Original Research

Journal of Genetic Counseling

, Volume 20, Issue 6, pp 572-592

First online:

Attitudes and Beliefs of African-Americans Toward Genetics, Genetic Testing, and Sickle Cell Disease Education and Awareness

  • Katie A. LongAffiliated withDepartment of Human Genetics, University of PittsburghChildren’s Hospital of Pittsburgh Email author 
  • , Stephen B. ThomasAffiliated withDepartment of Health Services Administration, University of Maryland
  • , Robin E. GrubsAffiliated withDepartment of Human Genetics, University of Pittsburgh
  • , Elizabeth A. GettigAffiliated withDepartment of Human Genetics, University of Pittsburgh
  • , Lakshmanan KrishnamurtiAffiliated withDivision of Hematology, Oncology, and Bone Marrow Transplant, Children’s Hospital of Pittsburgh

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Research among African-Americans indicates this population perceives sickle cell (SCD) to be a serious disease and sickle cell trait (SCT) screening an important intervention. However, studies have consistently demonstrated a lower than desired uptake of SCD education, inadequate knowledge regarding personal and family trait status, and a low perceived susceptibility of giving birth to a child with the disease. We examined general attitudes and beliefs regarding genetics and genetic testing including prenatal testing and newborn screening; we used this information as the foundation to more specifically assess attitudes and beliefs regarding SCD and perceived barriers to SCD education and awareness. Thirty-five African-American adult men and women participated in one of four focus groups. Thematic analysis identified that both prenatal testing and newborn screening are acceptable forms of genetic testing. Based largely on their personal experiences, participants possessed an understanding of the natural progression of SCD but had a limited understanding of the inheritance and probable risk of giving birth to a child with the disease. Barriers to education and greater awareness of SCD were classified as personal, familial, and societal. Community based interventions focused on sharing the stories of individuals with first-hand experiences with SCD should be considered.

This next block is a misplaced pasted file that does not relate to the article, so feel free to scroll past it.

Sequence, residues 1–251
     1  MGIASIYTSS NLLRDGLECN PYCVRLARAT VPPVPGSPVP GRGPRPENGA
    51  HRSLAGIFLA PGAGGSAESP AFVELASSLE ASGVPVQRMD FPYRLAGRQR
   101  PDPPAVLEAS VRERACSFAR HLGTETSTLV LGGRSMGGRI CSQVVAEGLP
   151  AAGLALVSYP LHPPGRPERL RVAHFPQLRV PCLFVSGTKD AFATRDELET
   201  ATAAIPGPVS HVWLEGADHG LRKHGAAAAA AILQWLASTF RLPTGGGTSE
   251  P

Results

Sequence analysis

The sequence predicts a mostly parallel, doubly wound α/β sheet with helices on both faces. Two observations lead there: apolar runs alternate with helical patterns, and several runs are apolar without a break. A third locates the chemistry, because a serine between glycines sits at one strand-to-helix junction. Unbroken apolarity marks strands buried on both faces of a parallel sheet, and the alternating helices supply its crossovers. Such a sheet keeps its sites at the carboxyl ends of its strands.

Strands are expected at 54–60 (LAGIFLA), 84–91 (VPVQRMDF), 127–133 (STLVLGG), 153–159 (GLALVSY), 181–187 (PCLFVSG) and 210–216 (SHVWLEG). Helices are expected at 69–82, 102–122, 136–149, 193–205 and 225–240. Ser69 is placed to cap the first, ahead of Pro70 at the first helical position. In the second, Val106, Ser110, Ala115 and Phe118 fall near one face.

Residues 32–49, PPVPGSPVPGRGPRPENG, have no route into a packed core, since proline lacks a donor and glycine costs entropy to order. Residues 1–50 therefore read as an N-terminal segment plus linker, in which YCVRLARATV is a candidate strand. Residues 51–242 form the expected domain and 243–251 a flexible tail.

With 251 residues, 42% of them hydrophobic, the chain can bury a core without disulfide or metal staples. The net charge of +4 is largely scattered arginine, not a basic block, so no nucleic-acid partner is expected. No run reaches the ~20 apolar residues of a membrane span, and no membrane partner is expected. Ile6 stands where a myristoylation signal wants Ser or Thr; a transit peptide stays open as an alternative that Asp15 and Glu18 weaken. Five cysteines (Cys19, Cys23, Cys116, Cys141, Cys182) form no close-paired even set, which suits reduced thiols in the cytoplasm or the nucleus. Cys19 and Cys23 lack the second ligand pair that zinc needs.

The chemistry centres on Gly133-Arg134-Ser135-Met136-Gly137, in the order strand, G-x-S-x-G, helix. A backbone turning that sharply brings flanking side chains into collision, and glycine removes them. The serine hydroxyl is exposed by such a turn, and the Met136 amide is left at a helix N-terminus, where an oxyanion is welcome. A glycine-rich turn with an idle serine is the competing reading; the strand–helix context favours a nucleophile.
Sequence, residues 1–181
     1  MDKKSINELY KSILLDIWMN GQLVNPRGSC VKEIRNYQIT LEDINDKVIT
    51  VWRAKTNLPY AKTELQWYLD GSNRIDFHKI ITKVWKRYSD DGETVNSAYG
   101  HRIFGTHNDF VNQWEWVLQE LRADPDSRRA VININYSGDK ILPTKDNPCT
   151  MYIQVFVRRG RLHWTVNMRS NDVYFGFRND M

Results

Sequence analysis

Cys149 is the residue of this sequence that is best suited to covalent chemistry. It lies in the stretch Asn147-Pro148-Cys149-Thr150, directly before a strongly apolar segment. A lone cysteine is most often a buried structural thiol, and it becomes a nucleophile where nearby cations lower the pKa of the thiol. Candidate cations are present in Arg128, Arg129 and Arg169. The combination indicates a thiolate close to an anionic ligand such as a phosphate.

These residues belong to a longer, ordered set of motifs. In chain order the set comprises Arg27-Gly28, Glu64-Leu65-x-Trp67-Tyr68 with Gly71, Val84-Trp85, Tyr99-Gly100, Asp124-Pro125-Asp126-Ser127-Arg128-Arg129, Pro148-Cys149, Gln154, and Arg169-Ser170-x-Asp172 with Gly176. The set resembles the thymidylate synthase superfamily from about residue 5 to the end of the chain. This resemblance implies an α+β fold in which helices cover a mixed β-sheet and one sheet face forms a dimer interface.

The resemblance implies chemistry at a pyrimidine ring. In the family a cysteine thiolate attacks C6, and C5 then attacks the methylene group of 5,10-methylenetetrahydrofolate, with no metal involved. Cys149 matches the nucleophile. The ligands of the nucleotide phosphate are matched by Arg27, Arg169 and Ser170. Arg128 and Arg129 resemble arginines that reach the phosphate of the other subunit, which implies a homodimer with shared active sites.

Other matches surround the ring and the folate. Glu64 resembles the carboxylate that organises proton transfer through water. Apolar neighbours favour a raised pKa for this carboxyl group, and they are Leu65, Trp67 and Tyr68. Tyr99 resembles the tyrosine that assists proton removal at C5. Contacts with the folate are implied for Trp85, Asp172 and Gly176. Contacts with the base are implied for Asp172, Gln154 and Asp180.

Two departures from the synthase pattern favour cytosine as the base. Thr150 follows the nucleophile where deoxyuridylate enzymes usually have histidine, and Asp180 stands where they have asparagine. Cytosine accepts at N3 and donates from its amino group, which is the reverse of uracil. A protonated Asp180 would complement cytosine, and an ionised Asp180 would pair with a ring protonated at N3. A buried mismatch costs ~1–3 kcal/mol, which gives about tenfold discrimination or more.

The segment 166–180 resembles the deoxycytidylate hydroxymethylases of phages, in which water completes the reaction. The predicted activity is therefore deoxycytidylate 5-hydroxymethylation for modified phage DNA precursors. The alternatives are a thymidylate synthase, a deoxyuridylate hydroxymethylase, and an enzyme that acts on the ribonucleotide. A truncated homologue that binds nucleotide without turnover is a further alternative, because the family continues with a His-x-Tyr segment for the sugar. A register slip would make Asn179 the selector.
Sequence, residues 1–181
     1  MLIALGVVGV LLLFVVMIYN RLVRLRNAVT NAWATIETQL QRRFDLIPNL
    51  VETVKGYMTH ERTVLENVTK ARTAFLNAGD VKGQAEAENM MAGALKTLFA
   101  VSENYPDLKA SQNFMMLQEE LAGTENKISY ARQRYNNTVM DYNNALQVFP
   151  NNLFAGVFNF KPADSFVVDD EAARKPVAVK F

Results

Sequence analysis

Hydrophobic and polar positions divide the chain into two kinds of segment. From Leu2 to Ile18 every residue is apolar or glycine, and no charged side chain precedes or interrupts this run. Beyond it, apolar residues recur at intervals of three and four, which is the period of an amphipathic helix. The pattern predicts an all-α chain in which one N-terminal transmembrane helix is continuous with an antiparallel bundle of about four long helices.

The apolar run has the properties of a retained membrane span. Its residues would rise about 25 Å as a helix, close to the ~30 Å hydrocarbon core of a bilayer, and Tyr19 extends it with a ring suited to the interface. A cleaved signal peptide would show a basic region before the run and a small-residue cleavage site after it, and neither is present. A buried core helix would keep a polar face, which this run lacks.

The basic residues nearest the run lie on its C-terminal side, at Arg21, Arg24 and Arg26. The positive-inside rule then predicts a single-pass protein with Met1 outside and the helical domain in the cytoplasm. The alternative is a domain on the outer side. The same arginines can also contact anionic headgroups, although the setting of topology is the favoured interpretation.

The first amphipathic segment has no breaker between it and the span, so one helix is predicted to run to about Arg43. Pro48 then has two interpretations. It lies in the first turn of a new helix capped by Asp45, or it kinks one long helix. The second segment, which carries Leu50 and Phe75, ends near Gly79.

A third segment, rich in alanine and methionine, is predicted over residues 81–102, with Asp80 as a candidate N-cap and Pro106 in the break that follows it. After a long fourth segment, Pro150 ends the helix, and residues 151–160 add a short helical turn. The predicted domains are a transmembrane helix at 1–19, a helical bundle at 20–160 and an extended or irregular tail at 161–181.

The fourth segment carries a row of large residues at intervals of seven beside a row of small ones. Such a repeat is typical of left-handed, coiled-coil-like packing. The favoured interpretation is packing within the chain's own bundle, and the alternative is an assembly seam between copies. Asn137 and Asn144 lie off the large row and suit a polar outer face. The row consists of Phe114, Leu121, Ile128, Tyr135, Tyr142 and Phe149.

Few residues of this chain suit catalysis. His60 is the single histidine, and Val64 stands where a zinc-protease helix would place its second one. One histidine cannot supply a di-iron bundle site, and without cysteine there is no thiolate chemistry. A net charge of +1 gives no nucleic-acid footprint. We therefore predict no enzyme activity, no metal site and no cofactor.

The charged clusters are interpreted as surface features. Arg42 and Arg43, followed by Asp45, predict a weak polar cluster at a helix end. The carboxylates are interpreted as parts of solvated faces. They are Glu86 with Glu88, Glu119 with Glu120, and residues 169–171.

Sickle cell disease African-American Health belief Qualitative research Thematic analysis Genetic testing Genetic counseling